Pen and paper ain't gonna lose no data. Clothes ain't gonna disappear on you. Many people use PDAs for storage of non-critical data. No business in their right mind will keep anything important on one, though. Paper all the way.
Being left freezing cold because your superbelt has failed due to any number of reasons, where you could just have worn trousers and a shirt that have a 0% failure rate, would leave most people decidedly pissed off.
My point, which is being lost in a sea of airplanes and other unrelated nonsense, is that this supposed advanced clothing would offer nothing practical over simple fabric, and would be less reliable.
In short, there would be no reason to use it.
Again, though, we're talking a technology centuries ahead of our own, so why are you assuming failure would be commonplace?
Conventional clothes can and do fail in embarrassing ways. The seam of your pants can tear open when you bend over. A bathing suit can come undone while you're in the water and leave you exposed. A garment can be excessively thin or translucent and reveal more than you'd prefer. A low neckline or tank top with no bra underneath can lead to accidental exposure if a woman leans over too far. Heck, half of what paparazzi do is try to get "nipple slip" photos of celebrities. Conventional clothing is not as foolproof as you assert.
Why in the world would you assume that this is meant to be worn in every situation to the exclusion of all other clothing? It's just one option. It's a fashion choice. Nobody ever said people would be wearing this in the dead of winter or in Antarctica or something. You'd be left freezing cold if you wore a t-shirt and shorts in the dead of winter, but that doesn't mean nobody ever wears t-shirts and shorts. It just means they wear them in contexts where it makes sense to do so. Naturally the same would apply to this or to any other clothing choice.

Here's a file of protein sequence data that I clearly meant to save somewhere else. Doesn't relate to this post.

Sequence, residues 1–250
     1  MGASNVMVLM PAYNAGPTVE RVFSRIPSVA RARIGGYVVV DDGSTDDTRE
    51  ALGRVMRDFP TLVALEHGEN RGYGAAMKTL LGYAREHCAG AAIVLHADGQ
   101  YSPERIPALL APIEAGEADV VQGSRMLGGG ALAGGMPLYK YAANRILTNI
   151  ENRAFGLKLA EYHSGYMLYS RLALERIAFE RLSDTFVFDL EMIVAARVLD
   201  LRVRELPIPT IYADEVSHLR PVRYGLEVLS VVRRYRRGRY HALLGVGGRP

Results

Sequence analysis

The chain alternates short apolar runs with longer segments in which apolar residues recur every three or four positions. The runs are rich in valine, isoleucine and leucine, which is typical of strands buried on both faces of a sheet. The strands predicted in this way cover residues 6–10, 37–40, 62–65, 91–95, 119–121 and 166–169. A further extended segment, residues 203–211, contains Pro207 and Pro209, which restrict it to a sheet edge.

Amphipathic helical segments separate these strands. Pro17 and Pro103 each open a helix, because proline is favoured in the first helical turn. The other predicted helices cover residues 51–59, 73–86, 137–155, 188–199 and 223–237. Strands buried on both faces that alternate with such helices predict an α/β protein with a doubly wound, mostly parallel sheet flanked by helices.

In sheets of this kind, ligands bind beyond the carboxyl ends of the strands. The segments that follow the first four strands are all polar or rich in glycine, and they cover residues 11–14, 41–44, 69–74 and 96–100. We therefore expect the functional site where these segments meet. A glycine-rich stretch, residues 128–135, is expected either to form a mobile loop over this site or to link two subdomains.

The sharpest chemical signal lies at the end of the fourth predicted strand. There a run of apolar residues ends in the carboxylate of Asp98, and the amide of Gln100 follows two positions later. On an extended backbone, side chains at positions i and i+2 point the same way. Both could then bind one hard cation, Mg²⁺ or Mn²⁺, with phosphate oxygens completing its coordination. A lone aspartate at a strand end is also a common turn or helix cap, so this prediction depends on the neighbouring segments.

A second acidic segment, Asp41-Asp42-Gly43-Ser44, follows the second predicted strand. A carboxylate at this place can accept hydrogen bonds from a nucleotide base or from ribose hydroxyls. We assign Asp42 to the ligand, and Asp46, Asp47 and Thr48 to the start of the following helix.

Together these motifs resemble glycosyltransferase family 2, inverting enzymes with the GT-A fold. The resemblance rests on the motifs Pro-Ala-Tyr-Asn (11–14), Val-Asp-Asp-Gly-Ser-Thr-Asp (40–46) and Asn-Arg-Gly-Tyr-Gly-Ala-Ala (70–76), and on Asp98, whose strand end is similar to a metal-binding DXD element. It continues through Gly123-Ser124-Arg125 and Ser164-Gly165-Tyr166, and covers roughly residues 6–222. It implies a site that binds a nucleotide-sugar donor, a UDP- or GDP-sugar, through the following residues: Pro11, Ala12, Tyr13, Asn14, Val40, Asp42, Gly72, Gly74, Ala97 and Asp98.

And that is not in dispute. We're talking about fashion. There's no practical reason for most fashion choices. Sometimes the sheer gratuitousness of it is the whole point.
Not commonplace, but possible.
Clothes, on the other hand: Impossible.
All of those depend on the social taboo you mentioned earlier. They don't cause the physical discomfort that holographic/whatever clothing would if it suddenly vanished from you in anything less than a climate-controlled environment.
Anything in your pockets? Now it's all over the floor.
That's the impression that I got from this quote:
"Even better, many future people will carry nothing but a belt. But what a belt!"
As for assuming every situation... I'm not; I do assert however that it would be ultimately pointless in most situations, and would offer zero advantage while also incurring a slight potential disadvantage.
Fashion suggests that the holoclothes could have a distinct look... more likely, in my view, they'd look identical to whatever normal clothes are available by then.
If they had some sort of distinct look that couldn't be reproduced using classical means... perhaps they could be sold to the teenage girl crowd...
"In the far distance, the distinctively pointed shape of the old TRANSAMERICA BUILDING. Everywhere else, the San Francisco urban sprawl is totally gone, replaced by lovely groves of large trees, green meadows, streams, lakes, and crystal clear air. (There still exists a small San Francisco "Living Museum" city but it is far enough away to be hidden by trees and will not appear in this story.) Here, as in much of the world, people live mostly in the climate-controlled, colorful and efficient "subterra cities." All industry and transport is now underground. Clearly Earth has become the home of a people who love and protect their living planet." - Star Trek: The Motion Picture Draft Screenplay by Gene Roddenberry (1978).
He's thought of everything.
Apparantly this group was eliminated by the time on TNG where everyone is happy all the time. And they keep a psrink on the bridge to ensure it.
Separate names with a comma.